This is Dr. Nathan Mueller, your local agronomist for Nebraska Extension. Estimating soybean yields at the end of August are simply that, estimates. However, it can give us an idea of an estimated range in yields to expect to help market new crop during September prior to harvest.
Because the number of seeds per pod is a critical component, it is best to wait until soybeans reach the full seed stage called R6. The R6 growth stage is reached when seeds filled the pod cavity of a pod on one of the four uppermost nodes.
Soybean yield components are plants per acre, pods per plant, seeds per pod, and seed weight. Soybean plants have a great ability compensate when stands are thin or thick, so we don’t need to really know how many plants we have per acre, but the just the number of pods per acre and seeds per pod.
The easiest way to do this is to work with an area 1/10,000 of an acre. In 30-inch rows, cut 21 inches of row length with a small pruning shears. In 15-inch rows, cut 21 inches of row length from two rows side by side. Throw the collected plants in the bed of your pickup that count the total number of pods. Write that down. Then, select two random plants, count and write the down either 1, 2, 3 or 4 seeds that are in each pod. Add all these values together and divide by the number of pods from those two plants. The average number of seeds per pod in most years is 2.5, but I have been getting closer to 2.8 seeds per pod this year in some fields.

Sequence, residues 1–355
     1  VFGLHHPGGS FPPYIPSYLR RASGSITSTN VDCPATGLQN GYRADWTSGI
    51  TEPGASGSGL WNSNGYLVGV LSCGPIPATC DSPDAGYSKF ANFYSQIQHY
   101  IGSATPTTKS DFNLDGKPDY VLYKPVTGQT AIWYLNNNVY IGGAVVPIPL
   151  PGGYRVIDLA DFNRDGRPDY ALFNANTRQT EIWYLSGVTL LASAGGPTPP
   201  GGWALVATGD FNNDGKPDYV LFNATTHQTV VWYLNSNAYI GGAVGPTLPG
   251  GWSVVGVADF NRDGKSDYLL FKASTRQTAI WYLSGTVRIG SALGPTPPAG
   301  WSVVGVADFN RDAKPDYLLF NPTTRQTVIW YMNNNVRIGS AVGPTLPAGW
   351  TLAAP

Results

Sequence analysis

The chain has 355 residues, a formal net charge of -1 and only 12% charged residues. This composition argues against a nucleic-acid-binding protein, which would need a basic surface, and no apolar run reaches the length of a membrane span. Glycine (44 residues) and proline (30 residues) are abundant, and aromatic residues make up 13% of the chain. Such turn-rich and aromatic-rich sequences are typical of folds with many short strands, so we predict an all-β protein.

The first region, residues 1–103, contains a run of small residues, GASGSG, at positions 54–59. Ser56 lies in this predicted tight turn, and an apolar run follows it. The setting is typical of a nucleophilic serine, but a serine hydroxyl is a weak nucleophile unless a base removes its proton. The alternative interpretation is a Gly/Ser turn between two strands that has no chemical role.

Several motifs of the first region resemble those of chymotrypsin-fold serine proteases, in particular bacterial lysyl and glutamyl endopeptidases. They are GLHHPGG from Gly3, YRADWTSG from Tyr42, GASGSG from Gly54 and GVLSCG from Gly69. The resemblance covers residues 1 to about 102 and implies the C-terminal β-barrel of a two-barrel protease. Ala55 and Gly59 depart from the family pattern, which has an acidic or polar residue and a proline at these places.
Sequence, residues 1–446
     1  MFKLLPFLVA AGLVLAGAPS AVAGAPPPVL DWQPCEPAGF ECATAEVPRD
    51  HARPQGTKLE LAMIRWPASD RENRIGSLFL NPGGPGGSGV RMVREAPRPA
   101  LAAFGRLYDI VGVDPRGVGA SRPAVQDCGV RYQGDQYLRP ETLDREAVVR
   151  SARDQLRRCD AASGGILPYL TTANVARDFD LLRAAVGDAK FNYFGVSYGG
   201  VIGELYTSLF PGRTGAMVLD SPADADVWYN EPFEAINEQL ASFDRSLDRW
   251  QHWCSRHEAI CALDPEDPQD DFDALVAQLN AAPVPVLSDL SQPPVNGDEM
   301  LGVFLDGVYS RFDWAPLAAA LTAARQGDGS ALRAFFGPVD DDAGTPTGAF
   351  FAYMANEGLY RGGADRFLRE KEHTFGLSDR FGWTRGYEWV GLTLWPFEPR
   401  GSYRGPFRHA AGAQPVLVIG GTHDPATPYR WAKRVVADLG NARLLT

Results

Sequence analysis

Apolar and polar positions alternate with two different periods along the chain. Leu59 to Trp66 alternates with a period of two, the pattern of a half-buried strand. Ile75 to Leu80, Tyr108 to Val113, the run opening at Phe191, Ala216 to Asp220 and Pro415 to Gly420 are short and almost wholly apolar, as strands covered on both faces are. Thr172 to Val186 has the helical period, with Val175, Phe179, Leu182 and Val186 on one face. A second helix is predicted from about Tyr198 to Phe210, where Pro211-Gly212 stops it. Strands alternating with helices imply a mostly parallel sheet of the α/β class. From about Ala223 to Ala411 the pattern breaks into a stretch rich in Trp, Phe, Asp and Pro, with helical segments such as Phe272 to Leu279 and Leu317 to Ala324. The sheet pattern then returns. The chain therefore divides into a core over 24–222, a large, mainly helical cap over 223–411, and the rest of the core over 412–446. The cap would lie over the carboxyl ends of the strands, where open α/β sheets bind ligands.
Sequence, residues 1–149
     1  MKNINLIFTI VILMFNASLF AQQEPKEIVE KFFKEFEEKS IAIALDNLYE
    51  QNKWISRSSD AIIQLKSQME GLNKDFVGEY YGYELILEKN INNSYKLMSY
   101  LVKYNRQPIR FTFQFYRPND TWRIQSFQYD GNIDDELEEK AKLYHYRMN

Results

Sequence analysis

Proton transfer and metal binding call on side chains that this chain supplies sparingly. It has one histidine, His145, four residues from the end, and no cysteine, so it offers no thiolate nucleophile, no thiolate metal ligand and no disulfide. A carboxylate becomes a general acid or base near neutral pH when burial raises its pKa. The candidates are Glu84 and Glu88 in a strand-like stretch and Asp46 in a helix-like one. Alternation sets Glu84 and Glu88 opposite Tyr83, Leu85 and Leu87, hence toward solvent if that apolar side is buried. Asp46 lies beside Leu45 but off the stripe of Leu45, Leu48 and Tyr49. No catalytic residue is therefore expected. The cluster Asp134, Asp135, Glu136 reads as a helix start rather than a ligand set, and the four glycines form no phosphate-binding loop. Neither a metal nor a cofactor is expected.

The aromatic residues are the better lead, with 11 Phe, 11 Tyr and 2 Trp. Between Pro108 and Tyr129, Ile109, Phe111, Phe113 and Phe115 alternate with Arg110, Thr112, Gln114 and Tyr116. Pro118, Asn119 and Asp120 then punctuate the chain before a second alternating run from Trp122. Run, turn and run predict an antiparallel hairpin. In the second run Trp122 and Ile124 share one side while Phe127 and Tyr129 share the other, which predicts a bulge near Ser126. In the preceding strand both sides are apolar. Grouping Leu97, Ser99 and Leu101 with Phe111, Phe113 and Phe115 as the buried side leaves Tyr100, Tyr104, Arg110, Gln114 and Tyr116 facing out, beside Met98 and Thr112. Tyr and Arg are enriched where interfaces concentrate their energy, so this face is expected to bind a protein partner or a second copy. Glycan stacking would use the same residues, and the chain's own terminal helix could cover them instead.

The biggest unknown factor is seed weight that can vary from 2,500 to 3,500 seeds per pound. Since most have had favorable conditions, I would assume at least a normal seed size of 3,000 seeds per pound or a conversion factor of 18. Finally, multiply the number of total pods by the number of seeds per pod and divide by 18 to get your estimated bushels per acre. Again, multiply the number of total pods in 1/10,000 of an acre by the number of seeds per pod and divide by 18 to get your estimated bushels per acre.
For more information on determining soybean yield and short publication on this approach, please call me at 727-2775 or visit our local website at croptechcafe.org. Know your crop, know your tech, know your bottom line. This is Dr. Nathan Mueller, your local agronomist for Nebraska Extension on KTIC radio.